Schröder, known for close business and personal ties with Russia, called Georgian President Mikhail Saakashvili a gambler in an interview with German newsmagazine Der Spiegel and said he sparked the conflict by marching troops into South Ossetia. The former chancellor said he thought Georgia's chances of joining NATO had moved "even further into the distance" following the fighting with Russian forces.
Critics on Monday noted that Schröder took a job with Russian energy giant Gazprom immediately after leaving office. The former chancellor now oversees the Russian-German operating company that is building a new Baltic Sea pipeline for natural gas, set to link western Siberia and Germany in 2010. Gazprom has a 51 percent stake in the more than €4 billion project.
"I get more and more of a feeling that the former chancellor has a faulty relationship with his former position. As soon as Russia comes into play, his judgment becomes disproportionate and unreasonable in the highest degree," conservative parliamentarian Karl-Theodor zu Guttenberg told German newspaper Passauer Neue Presse.
Guttenberg, who heads the foreign policy committee for the Christian Social Union (CSU) of Bavaria, told the paper that Schröder should also consider himself a gambler for contradicting German Foreign Minister Frank-Walter Steinmeier, who belongs to Schröder's centre-left Social Democratic Party.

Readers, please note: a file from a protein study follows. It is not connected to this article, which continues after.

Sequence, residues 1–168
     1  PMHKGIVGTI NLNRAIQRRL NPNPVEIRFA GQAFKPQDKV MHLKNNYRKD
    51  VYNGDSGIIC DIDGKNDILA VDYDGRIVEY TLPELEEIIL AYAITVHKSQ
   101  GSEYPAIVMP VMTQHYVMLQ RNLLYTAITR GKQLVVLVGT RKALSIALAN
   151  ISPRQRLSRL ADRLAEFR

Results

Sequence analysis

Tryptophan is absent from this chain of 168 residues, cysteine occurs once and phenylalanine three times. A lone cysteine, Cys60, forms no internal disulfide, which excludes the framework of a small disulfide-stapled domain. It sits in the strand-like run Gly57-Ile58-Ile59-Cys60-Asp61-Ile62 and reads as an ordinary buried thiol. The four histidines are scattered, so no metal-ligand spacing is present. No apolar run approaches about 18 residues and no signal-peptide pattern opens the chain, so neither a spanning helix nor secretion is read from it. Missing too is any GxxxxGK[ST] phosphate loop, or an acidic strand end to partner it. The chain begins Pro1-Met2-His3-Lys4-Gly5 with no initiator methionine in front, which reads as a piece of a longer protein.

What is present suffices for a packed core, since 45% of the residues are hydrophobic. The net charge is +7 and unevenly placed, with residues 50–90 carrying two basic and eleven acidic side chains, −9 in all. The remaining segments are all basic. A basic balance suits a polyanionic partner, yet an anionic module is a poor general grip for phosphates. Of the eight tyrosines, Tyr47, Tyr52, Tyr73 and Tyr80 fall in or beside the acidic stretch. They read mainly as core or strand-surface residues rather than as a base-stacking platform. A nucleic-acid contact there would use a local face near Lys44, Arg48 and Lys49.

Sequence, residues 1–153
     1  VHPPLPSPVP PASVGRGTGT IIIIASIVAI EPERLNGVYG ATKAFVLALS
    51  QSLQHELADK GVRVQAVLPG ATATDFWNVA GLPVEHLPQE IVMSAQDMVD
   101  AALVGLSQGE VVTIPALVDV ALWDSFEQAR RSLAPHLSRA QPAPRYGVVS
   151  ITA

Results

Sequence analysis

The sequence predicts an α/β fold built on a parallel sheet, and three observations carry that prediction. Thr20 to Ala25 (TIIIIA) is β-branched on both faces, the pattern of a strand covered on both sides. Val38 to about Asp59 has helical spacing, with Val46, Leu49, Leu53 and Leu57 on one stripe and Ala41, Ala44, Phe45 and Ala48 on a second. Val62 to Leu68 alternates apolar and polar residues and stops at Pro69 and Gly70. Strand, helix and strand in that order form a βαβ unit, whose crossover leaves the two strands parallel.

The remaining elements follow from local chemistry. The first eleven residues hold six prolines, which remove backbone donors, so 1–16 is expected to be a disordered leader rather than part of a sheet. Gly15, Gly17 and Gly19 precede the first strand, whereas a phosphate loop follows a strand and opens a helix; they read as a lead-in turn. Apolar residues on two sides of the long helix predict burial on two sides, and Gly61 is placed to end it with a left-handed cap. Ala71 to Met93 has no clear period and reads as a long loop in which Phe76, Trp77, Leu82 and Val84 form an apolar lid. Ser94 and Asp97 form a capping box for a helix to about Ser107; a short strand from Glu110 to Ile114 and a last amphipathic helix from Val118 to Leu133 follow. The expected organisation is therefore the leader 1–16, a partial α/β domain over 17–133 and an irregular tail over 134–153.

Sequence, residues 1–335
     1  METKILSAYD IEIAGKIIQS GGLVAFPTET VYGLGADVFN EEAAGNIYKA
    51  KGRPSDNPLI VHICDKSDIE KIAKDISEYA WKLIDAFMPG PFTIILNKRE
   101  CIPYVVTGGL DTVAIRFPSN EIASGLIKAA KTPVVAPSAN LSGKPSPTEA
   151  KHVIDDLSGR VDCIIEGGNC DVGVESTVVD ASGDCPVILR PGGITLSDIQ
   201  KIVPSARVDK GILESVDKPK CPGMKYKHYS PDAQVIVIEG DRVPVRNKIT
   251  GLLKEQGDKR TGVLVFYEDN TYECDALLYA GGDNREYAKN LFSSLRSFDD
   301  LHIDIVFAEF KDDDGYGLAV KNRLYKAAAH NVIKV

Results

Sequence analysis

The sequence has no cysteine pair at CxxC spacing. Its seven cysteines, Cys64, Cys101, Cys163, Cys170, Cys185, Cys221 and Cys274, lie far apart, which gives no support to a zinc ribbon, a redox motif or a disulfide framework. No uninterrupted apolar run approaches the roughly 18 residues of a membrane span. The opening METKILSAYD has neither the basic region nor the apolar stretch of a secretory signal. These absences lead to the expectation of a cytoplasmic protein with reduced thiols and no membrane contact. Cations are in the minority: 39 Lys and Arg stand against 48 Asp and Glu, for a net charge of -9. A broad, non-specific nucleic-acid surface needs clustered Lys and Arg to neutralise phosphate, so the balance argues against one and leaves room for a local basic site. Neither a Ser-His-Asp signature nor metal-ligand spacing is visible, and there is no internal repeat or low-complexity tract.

"Schröder has become Moscow's most prominent voice in Germany," Eckard von Klaeden, foreign policy spokesman for the CSU's national sister party, the Christian Democrats (CDU), told the newspaper.
Schröder said in his interview that Russia was not pursuing an annexation policy in the Caucasus, adding that he saw no reason for the concept of “strategic partnership” between Germany and Russia to be affected by the war.
“I reject the idea of demonizing Russia. I consider Russia as a part of Europe,” he said.
CSU chief Erwin Huber said Schröder's comments did a disservice to human rights and weakened the position of the West.
"The strategic partnership between Germany and Russia requires a thorough review. It still has its roots in the time of the red-green alliance," Huber said, referring to Schröder's coalition of Social Democrats and the Green party. That government was replaced by Chancellor Angela Merkel's current coalition of Christian Democrats and Social Democrats.
Huber said Russia today is presenting itself as a military power that does not recognize the sovereignty of neighboring states.
"Europe can't accept that without acting. The Russians must be told: 'You cannot act like this,'" he said.